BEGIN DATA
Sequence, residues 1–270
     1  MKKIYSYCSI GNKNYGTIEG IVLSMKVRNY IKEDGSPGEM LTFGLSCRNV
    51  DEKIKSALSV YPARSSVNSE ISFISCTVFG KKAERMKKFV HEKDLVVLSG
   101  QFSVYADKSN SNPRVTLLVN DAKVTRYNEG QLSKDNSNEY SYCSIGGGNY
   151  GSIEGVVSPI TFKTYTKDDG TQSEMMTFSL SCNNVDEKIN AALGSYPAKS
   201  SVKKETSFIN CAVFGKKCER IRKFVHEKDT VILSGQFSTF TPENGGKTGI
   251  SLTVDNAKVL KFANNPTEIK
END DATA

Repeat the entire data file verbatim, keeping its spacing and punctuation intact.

Sequence, residues 1–270
     1  MKKIYSYCSI GNKNYGTIEG IVLSMKVRNY IKEDGSPGEM LTFGLSCRNV
    51  DEKIKSALSV YPARSSVNSE ISFISCTVFG KKAERMKKFV HEKDLVVLSG
   101  QFSVYADKSN SNPRVTLLVN DAKVTRYNEG QLSKDNSNEY SYCSIGGGNY
   151  GSIEGVVSPI TFKTYTKDDG TQSEMMTFSL SCNNVDEKIN AALGSYPAKS
   201  SVKKETSFIN CAVFGKKCER IRKFVHEKDT VILSGQFSTF TPENGGKTGI
   251  SLTVDNAKVL KFANNPTEIK